Water spirit headdress
- Western Ijo peoples
- c. 1930–1950
This mask of a water spirit (bini oru) originated among the Ijo people who live along the waterways of the Niger River's inland delta. Water spirits are believed to provide entertainment on secular occasions, accompany the dead to the Afterlife, participate in purification ceremonies to sweep towns clean of pollution, and accompany enshrined spirits back to their abodes after they have been invoked to punish criminals or settle disputes. Playful and kind beings, water spirits bestow success on those who show them respect. They are credited with inventing masking and particular masquerades.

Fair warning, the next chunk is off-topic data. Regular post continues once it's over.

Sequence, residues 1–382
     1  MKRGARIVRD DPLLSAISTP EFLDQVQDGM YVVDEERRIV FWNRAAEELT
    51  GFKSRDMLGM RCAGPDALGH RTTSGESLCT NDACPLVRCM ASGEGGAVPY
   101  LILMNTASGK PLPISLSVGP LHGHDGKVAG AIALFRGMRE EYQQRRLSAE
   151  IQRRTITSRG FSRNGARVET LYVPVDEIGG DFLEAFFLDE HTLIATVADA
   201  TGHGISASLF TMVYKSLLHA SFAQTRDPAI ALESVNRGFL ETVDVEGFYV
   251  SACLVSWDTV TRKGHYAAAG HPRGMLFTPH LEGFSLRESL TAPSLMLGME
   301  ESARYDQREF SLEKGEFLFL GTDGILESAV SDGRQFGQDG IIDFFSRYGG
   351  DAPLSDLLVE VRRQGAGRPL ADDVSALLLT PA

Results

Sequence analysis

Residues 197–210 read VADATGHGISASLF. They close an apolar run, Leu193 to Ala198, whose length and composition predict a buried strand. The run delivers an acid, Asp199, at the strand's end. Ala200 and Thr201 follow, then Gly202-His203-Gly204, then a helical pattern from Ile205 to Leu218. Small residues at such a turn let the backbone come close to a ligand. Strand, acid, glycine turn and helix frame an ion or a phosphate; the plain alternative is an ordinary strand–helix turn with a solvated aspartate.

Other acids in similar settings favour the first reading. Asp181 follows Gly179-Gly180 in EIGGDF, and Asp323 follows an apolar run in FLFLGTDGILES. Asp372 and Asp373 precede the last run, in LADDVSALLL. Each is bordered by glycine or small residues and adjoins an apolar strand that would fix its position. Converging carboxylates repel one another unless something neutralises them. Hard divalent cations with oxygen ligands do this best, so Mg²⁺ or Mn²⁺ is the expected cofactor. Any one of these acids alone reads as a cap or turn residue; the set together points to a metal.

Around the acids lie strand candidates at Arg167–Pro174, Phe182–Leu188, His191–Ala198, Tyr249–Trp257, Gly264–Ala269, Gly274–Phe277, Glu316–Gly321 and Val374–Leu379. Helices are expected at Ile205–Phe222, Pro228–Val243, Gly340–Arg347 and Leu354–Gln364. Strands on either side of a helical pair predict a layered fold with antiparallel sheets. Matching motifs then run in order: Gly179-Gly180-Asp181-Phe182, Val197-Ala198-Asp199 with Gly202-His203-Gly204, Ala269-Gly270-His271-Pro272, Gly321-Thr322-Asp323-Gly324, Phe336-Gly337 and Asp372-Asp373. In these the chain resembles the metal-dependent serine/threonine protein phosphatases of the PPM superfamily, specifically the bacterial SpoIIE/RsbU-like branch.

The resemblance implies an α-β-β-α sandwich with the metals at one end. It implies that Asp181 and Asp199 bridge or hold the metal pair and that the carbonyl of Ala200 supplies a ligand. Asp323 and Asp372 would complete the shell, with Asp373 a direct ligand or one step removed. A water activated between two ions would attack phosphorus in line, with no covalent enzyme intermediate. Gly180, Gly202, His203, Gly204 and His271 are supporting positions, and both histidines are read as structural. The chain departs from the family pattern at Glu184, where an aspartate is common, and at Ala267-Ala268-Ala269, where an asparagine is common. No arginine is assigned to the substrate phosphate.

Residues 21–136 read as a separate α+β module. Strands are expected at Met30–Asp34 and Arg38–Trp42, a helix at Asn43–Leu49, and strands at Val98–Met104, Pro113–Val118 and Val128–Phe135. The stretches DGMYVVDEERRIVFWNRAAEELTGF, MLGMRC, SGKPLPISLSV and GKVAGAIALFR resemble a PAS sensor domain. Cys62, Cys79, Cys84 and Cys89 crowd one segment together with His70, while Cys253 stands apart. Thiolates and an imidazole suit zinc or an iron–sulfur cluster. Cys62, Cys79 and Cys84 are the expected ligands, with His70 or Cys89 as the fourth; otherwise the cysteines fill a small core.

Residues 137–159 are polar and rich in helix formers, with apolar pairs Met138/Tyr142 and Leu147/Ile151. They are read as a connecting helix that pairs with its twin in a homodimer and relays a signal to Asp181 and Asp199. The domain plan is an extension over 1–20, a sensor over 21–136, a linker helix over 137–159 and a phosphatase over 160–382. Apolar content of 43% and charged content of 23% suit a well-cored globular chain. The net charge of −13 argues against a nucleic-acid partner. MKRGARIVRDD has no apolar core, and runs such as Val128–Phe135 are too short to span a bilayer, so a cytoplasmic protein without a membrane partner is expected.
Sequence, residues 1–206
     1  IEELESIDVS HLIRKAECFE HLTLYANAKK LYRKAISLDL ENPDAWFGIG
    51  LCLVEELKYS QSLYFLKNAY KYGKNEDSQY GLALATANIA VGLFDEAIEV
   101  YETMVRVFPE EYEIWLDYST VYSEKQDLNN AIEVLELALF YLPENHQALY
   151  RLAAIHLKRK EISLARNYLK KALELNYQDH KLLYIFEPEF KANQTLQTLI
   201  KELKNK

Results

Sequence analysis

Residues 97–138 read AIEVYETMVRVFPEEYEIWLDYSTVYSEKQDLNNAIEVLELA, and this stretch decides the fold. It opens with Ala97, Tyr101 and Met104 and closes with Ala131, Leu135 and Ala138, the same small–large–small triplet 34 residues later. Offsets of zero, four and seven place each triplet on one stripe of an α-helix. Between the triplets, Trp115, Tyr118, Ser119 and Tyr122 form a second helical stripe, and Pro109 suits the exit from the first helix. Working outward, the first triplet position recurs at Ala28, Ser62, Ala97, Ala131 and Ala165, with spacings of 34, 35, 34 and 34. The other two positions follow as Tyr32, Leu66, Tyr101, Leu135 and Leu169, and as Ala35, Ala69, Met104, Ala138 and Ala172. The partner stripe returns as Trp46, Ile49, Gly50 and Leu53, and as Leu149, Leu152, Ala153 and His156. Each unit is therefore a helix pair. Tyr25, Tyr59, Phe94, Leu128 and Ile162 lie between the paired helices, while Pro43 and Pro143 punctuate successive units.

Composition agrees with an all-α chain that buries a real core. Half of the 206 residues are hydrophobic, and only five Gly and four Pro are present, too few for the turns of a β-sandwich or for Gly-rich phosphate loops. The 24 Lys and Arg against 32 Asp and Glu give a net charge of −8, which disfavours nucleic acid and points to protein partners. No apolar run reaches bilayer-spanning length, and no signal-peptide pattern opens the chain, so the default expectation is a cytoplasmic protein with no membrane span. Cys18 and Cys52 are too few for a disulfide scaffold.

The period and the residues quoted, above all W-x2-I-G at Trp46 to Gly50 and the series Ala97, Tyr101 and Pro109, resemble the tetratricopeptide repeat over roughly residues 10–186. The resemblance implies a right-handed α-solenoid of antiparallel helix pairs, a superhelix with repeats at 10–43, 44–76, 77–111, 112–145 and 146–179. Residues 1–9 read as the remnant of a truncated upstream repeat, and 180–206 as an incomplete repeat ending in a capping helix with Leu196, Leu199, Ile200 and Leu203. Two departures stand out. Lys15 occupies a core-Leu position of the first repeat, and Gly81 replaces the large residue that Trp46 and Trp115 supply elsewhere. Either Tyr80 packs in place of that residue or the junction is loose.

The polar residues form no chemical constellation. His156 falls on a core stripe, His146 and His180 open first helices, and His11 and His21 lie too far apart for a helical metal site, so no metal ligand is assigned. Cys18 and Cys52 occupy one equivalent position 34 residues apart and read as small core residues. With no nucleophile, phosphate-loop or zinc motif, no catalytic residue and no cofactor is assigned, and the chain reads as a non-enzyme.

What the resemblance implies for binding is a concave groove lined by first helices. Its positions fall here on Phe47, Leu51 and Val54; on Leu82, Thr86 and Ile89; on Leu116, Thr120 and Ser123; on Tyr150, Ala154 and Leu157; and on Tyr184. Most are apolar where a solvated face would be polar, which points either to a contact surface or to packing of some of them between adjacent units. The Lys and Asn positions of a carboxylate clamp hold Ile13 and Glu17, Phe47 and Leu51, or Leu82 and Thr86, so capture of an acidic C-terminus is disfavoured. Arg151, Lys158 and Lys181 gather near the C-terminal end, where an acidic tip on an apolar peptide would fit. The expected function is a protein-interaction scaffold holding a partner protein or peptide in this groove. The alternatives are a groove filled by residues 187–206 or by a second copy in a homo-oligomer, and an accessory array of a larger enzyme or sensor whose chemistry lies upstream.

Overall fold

When water spirits wish to manifest themselves on land, they communicate through diviners or in the dreams of ordinary people. Such individuals must commission a mask and stage a masquerade or risk misfortune. The water spirit tells its sponsor or the sculptor how the elements on the headdress should look. For example, the forms on this headdress are abstract: a quasi-human face, the stern of a canoe, the mouth of a hippopotamus or crocodile surmounted by a slithering snake, and attached appendages. It is worn on top of the head so it faces the sky. The costume may be made of dark or colorful cloth with attachments that conceal the dancer's head and body.
Roslyn A. Walker, Label text, 2015.
Roslyn A. Walker, DMA unpublished material, 2008.
- University of Iowa Museum of Art, Art & Life in Africa
Learn more about the Ijo people.